What is the Starbucks Index
The Starbucks Index is a measure of purchasing power parity (PPP) comparing the cost of a tall latte in local currency against the U.S. dollar in 16 countries. The Starbucks Index was created by The Economist based on its original Big Mac index which was described as “a lighthearted guide to whether currencies are at their “correct” level." Using this index, the purchasing power of each national currency can be reflected in the U.S.-dollar cost of a latte in that country. A latte costing significantly less in one country suggests an undervalued currency. The Wall Street Journal regularly publishes a similar "Latte Index."
BREAKING DOWN Starbucks Index
The Starbucks Index measurement of PPP is a theory that goods in one country will cost the same in another country, once the exchange rate is applied. According to this theory, two currencies are at par when a market basket of goods is valued the same in both countries. PPP rates are determined by comparing the prices of identical items in different countries. This comparison is often difficult, however, due to differences in product quality, consumer attitudes and economic conditions in each country.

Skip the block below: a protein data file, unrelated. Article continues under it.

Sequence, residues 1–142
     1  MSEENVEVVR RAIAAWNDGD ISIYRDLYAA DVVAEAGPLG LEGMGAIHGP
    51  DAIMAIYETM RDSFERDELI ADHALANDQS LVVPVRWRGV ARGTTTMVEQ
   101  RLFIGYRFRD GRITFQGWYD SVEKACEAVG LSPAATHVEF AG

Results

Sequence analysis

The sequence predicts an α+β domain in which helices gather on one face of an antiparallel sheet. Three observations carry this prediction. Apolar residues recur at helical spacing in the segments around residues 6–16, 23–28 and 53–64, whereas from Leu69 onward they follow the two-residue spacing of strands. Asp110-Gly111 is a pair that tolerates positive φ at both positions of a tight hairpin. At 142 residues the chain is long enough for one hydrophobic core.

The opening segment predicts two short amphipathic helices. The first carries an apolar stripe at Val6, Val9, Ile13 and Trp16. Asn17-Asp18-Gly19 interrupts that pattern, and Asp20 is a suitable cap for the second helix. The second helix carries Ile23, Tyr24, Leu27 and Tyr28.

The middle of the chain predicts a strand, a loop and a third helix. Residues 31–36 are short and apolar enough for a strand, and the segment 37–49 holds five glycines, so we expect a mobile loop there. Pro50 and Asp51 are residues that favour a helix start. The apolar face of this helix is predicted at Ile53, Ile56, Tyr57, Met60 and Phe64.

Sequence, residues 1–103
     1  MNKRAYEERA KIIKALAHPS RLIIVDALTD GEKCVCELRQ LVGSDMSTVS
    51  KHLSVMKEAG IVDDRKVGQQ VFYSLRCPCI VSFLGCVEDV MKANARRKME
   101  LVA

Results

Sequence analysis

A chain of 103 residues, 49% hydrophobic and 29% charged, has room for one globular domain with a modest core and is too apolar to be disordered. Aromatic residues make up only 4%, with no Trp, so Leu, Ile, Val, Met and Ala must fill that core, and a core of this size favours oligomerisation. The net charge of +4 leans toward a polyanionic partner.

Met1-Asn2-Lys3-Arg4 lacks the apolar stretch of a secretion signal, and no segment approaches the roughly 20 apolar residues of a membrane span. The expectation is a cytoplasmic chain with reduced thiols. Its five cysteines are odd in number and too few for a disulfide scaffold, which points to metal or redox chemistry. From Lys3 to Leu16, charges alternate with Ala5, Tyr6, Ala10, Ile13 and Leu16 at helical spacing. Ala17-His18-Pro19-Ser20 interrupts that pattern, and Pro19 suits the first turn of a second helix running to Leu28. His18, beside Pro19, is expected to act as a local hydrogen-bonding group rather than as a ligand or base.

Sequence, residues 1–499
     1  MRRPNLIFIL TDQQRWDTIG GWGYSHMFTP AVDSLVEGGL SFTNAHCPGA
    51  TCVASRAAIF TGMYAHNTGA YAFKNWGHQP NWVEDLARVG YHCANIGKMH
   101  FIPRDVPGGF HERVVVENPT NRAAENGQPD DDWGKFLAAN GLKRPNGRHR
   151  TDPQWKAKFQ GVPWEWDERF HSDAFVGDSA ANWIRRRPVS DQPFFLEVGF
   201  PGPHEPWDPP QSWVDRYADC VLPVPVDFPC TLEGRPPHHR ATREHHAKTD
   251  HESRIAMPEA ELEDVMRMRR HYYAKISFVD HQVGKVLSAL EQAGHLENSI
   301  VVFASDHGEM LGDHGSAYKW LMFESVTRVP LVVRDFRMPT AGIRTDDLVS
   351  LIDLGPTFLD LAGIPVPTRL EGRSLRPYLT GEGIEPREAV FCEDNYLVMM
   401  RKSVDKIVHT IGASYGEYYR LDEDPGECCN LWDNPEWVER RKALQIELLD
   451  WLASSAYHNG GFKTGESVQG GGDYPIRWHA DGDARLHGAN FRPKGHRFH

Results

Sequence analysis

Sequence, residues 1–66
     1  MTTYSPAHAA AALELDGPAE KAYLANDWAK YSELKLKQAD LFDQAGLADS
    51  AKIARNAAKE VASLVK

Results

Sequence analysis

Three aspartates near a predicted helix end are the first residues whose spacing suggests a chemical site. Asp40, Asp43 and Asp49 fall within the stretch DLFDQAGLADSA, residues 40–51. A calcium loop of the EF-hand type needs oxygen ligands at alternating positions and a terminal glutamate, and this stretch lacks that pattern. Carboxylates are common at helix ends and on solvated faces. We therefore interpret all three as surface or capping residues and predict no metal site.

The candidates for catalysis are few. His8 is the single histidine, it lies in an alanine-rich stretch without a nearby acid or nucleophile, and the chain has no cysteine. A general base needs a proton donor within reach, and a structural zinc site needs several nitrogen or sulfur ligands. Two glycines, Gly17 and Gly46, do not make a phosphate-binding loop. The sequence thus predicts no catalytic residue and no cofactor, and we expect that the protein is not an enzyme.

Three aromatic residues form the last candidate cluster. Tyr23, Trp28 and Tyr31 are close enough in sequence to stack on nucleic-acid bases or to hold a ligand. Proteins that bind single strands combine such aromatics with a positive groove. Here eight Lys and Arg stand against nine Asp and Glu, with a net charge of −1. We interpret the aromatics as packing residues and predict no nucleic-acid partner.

Relative purchase power parity considers the difference between two countries’ rates of inflation in driving changes in the exchange rate between the two countries over time. RPPP expands on the idea of purchase power parity, and complements the theory of absolute purchase power parity.